10 Contents ix Level 3: We are a people-centred organization 110 Level 4: The world of the management guru 112 The human relations school as an example of neo-modernist organization theory 114 How human relations begins 114 What is the human relations school? 115 The human relations school develops 116 The Hawthorne Studies as a classic example of applied organizational research within the human relations tradition 118 The Relay Assembly Test Room 118 The Bank Wiring Observation Room 120 Research and the development of neo-modernist organization theory 120 Why the Hawthorne Studies were so important 122 How neo-modernist organization theory challenges understandings of the relationship between organizations and society 122 A puzzle is it is better to belong or to be an individual? 123 Longing to belong: too much commitment 126 A reminder the human relations approach is not the only neo-modernist story in town 127 How neo-modernist organization theory challenges understandings of organization culture 127 Creating a culture that gives meaning to work 129 Developing understanding of culture 130 Developing a practical theory of organizational culture 130 The vehicles of culture 132 The processes of the communication of culture 133 The heart of culture 135 A tale of two cultures 136 How neo-modernist organization theory develops challenges in the design of organizations 139 The processual perspective 139 Design and development 140 Conclusions: does neo-modernist organization theory exercise challenges for new visions of the organization? 142 Chapter 4 Neo-modernist organization theory: surfing the new wave? 148 Introduction 148 The origins of new-wave management 150 Control in organizations 152 Unpredictable behaviour 152 Informal control: organizational misbehaviour? 153 Complexity and the problem of implementation 156 Three types of formal control 159 Bureaucratic control 159 Output control 160 Cultural control 161 The new wave in action: managing cultural change 164 A theoretical explanation of a possible shift in control: A new historical configuration? 171 An alternative theoretical explanation: movements in managerial discourse? 176 The theoretical origins of new-wave theory 179 Conclusions 186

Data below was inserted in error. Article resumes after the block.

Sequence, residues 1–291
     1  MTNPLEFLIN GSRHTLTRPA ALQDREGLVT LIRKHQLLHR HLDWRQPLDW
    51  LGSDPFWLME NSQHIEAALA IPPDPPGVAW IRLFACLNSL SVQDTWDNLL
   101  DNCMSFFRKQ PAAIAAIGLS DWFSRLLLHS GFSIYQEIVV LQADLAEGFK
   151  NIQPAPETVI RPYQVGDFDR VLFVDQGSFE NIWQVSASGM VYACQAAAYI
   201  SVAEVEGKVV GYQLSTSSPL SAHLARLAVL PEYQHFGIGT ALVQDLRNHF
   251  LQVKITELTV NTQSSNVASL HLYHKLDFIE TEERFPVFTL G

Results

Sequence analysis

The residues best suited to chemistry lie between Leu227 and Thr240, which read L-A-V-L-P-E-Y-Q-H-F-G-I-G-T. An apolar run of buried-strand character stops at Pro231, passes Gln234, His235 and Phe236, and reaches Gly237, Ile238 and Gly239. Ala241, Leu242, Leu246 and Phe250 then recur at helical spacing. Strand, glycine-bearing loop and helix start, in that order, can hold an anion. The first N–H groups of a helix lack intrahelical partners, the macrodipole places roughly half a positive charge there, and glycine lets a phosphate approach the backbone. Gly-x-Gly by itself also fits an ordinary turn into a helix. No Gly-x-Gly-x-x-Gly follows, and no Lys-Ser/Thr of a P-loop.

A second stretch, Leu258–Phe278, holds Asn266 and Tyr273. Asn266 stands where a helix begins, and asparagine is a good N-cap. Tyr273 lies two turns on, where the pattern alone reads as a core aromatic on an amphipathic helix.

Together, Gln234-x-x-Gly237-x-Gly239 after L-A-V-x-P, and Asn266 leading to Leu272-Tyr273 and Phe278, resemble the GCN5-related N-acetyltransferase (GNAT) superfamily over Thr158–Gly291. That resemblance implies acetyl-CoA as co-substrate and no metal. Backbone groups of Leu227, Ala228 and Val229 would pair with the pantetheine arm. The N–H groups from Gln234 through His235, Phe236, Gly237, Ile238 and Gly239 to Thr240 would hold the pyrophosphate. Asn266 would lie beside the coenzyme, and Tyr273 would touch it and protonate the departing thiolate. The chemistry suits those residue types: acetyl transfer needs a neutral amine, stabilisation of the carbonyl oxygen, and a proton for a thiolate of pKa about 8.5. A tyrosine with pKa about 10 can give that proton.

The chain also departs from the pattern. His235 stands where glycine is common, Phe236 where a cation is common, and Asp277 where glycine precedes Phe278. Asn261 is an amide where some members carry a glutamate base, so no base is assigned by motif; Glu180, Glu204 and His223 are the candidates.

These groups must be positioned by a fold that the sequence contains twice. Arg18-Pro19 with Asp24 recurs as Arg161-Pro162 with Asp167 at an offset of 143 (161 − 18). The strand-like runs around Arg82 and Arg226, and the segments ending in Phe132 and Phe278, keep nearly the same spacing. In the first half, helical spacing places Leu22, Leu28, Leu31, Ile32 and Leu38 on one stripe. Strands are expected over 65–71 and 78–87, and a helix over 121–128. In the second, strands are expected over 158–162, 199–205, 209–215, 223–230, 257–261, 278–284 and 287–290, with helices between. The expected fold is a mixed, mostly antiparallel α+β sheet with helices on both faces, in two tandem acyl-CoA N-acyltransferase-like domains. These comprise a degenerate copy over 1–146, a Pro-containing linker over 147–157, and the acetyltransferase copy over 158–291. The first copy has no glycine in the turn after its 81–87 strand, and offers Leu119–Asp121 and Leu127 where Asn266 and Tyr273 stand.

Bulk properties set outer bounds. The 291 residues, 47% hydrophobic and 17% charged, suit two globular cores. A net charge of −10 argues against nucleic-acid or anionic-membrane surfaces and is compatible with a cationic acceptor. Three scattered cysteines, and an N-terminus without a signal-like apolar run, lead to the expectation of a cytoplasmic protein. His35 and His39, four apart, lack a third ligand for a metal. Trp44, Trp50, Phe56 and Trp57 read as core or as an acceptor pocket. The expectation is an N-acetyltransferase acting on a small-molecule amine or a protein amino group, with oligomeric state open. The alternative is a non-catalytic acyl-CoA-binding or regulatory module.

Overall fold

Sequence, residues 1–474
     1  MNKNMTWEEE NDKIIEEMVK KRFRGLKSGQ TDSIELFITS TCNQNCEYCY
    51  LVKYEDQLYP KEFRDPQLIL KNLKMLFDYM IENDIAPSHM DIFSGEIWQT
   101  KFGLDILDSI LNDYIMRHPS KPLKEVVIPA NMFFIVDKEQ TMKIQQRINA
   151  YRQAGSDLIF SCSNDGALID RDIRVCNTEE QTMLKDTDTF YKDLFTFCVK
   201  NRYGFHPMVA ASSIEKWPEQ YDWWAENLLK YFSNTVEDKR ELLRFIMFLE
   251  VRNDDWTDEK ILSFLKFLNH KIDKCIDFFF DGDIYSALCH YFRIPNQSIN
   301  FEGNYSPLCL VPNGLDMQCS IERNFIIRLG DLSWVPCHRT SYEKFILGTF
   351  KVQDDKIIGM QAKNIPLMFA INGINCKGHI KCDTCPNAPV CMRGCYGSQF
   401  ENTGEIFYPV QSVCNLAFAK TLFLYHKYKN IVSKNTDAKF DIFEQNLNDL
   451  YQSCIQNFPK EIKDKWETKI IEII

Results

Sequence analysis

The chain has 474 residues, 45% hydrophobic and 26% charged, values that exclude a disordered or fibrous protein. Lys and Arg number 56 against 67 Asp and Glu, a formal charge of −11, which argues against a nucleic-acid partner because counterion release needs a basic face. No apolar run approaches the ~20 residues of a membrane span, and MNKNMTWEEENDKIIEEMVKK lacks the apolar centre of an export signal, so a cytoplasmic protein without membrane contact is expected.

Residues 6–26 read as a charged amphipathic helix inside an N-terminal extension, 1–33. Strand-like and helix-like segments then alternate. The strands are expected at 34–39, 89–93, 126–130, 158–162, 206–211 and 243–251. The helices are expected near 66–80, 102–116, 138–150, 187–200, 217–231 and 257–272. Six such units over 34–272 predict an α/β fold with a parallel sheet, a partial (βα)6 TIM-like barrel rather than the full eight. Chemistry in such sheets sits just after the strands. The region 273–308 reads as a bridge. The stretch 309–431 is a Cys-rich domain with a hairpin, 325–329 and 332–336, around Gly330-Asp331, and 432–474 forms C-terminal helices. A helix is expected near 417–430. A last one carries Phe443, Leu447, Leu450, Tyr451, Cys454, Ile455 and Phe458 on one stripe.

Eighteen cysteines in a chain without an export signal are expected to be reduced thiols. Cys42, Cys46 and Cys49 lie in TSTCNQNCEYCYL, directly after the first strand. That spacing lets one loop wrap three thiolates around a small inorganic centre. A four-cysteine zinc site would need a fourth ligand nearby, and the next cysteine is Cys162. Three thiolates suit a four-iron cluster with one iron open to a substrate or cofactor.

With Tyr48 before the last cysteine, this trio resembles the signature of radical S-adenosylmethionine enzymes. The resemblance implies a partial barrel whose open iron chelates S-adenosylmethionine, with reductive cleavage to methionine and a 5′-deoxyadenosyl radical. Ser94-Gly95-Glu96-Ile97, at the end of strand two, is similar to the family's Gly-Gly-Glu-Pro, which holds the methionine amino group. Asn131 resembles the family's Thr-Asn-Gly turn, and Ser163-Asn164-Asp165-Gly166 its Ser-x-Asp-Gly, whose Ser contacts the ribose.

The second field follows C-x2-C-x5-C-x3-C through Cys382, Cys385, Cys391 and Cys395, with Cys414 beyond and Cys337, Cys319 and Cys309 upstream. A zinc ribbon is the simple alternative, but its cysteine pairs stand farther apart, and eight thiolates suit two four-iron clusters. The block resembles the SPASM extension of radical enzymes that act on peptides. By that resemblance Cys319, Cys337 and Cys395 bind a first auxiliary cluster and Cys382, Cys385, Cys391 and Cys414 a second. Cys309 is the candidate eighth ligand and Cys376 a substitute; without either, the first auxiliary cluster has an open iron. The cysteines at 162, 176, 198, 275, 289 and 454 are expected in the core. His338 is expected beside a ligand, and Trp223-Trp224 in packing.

11 x Contents Chapter 5 Chapter 6 Postmodernist organization theory: new organizational forms for a new millennium? 198 Introduction 198 What is postmodernism? 200 Is postmodernism anything new? 202 The history 205 Post-industrialism and the information society 206 The virtual organization 211 Neo-fordism, flexible specialization and post-fordism 213 The regulation school 215 Institutionalist school 217 The managerialist school 220 The flexible firm critique 225 Postmodern organizations the work of Stewart Clegg and Paul Heydebrand 227 Conclusions 234 Postmodernism as a philosophy: the ultimate challenge to organization theory? 242 Introduction 242 What is postmodernism? 244 Postmodernism: the core elements 246 Postmodernism and organization theory 248 Poststructuralism and postmodernism 250 Three key thinkers of postmodernism 251 Jacques Derrida: the linguistic turn and deconstruction 251 J.F. Lyotard and the nature of knowledge 257 Foucault: postmodernism, discourse, knowledge and power 261 Organizational culture 268 The challenges of postmodernism to organization theory 271 Problematizing normal science 271 Problematizing truth 271 Problematizing representation 272 Problematizing writing 272 Problematizing generalizability 273 Postmodernism and the spectre of relativism 274 Conclusions 275 Chapter 7 Reflective organization theory: symbols, meanings and interpretations 282 Introduction 282 What it means to be reflective 284 Working and acting together: symbolic interactionism 286 The Chicago school 287 The processes of making and sharing meaning 288 The basic assumptions of symbolic interactionism 288 Strengths and weaknesses of the symbolic interactionist understanding of organizations 293 Phenomenology reaches the emotions 294 Ethnomethodology: understanding organizational common sense 298 Organizational symbolism 300 The ways in which individuals develop a sense of self in organizations 301